Flea Facts, Identification, and Control in New York, New Jersey, and Connecticut
Scientific Order: Siphonaptera
Common family: Pulicidae
Cat flea (Ctenocephalides felis)
Dog flea (Ctenocephalides canis)
Human flea (Pulex irritans)
Oriental rat flea (Xenopsylla cheopis)
Size: Very small; 1/12 to 1/4 inches (2.12 to 6.35 millimeters)
Color: Can include dark brown, black, brown-black, gray, or dark red-brown. Often semi-translucent
Signs of Infestation
Flea bite scabs are small, black- or rust-colored spots that may be inflamed or puffy. They resemble mosquito bites, but they're usually slightly darker. Fleas usually bite around the shins, neck, or ears. Flea bites don’t usually swell, but they may itch or turn red. Look for patterns of 2 to 3 bite marks in close proximity.
Look for flea eggs in any animal housing or bedding. Flea eggs look like tiny, grainy or sandy grey or black buildup. They may resemble dust or salt and pepper.
Treatment and Prevention
Vacuum thoroughly and frequently. Consider having your carpets shampooed and/or steam cleaned to remove any larvae or eggs that may be hiding in them. Dust surfaces frequently, especially in dark areas of the home that aren’t often accessed, such as a basement or cellar.
Practice humidity control and consider investing in a dehumidifier for vulnerable areas. Mop hard floors frequently, and make sure to dry them thoroughly when you’re finished. Do not allow lawn debris or garbage to accumulate in piles near your building.
Behavior and Diet
Fleas are parasitic insects that feed on mammals, including humans and pets. Most species of flea prefer to feed on a specific type of host. Fleas derive their common names from their preferred hosts. All common flea species can feed on humans.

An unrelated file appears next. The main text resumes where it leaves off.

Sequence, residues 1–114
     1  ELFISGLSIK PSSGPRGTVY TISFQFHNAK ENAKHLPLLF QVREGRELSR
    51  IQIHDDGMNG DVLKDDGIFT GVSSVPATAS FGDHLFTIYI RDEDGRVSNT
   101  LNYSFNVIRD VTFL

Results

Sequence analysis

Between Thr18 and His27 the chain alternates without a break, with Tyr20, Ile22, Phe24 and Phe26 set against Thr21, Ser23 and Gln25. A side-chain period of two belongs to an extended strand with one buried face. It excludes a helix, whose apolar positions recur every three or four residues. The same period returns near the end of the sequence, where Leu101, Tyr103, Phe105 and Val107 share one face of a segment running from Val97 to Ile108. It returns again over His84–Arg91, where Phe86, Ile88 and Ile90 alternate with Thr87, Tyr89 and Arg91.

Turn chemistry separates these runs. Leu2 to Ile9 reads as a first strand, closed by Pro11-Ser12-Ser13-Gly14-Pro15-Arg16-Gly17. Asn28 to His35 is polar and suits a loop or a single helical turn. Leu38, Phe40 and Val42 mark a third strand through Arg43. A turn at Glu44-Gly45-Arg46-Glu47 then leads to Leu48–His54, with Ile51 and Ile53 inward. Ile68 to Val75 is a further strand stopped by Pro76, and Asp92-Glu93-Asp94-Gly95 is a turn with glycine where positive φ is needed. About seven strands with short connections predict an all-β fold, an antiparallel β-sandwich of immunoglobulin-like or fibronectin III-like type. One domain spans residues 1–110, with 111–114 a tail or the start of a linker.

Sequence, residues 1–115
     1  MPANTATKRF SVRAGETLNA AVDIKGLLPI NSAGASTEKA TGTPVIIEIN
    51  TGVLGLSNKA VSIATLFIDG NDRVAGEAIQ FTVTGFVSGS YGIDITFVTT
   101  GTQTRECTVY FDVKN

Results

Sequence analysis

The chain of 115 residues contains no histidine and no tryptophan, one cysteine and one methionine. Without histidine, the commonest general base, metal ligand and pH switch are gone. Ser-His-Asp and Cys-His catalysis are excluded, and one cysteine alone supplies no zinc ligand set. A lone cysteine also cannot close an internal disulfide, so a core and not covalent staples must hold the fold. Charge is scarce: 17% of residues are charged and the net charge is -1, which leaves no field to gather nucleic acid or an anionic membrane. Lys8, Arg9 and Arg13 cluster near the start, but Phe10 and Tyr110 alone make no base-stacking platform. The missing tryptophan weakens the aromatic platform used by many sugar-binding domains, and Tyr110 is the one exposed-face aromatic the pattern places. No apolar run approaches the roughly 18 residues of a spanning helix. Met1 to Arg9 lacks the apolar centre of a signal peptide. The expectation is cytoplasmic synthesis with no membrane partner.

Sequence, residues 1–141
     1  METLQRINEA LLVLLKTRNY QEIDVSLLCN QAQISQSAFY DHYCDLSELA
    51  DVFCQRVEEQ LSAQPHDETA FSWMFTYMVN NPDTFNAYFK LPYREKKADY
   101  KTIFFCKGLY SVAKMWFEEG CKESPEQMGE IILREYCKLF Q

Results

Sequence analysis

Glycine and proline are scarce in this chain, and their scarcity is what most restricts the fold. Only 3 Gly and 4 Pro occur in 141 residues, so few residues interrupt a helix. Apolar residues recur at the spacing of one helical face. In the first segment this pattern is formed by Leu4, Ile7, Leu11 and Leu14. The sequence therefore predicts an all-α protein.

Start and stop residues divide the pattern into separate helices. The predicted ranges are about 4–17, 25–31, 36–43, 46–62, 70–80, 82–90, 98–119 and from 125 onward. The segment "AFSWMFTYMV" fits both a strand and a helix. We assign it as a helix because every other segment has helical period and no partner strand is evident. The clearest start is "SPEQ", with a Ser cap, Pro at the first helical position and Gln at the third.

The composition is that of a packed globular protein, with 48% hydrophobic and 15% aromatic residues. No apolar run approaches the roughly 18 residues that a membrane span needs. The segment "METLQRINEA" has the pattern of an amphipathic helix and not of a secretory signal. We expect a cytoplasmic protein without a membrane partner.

Unlike ticks or most other pest parasites, fleas do not permanently stay latched onto their prey, and may jump on and off of a host repeatedly. They attack hosts by leaping directly onto the host and then climbing to a bite-vulnerable area of the body.
Reproduction and Life Cycle
Mature female fleas usually lay eggs directly on a host they are actively feeding on. These eggs aren’t attached to the host, however, and generally fall off and continue to incubate on the ground or in the host’s home. If a pet has fleas, for instance, it’s probable that there are flea eggs in its bedding.
Fleas lay eggs after every blood meal. Some species lay only 4 to 8 eggs per meal, while other species may lay up to 25. Most fleas lay several hundred eggs in their lifetimes. A flea’s life cycle is broken into four distinct developmental stages: egg, larva, pupa, and adult. Life cycle development depends on temperature and food availability and could take anywhere between a month to 200 days or more. Adult fleas may live for a year or longer.
- Fleas are usually a problem in summer, but if they get inside they can continue their reproductive cycle all year. Once an infestation begins, winter won't stop it.
- Fleas can consume up to 15 times their body weight in blood every day.
- Fleas frequently enter buildings while hitchhiking on other pests. In New York, most fleas initially enter structures while feeding on a rat that carries them inside.
New York City Department of Health and Mental Hygiene’s Flea page
Cornell University Department of Entomology’s Flea Insect Diagnostic Laboratory fact sheet
Penn State College of Agricultural Sciences Department of Entomology’s Cat Fleas Insect Advice Extension page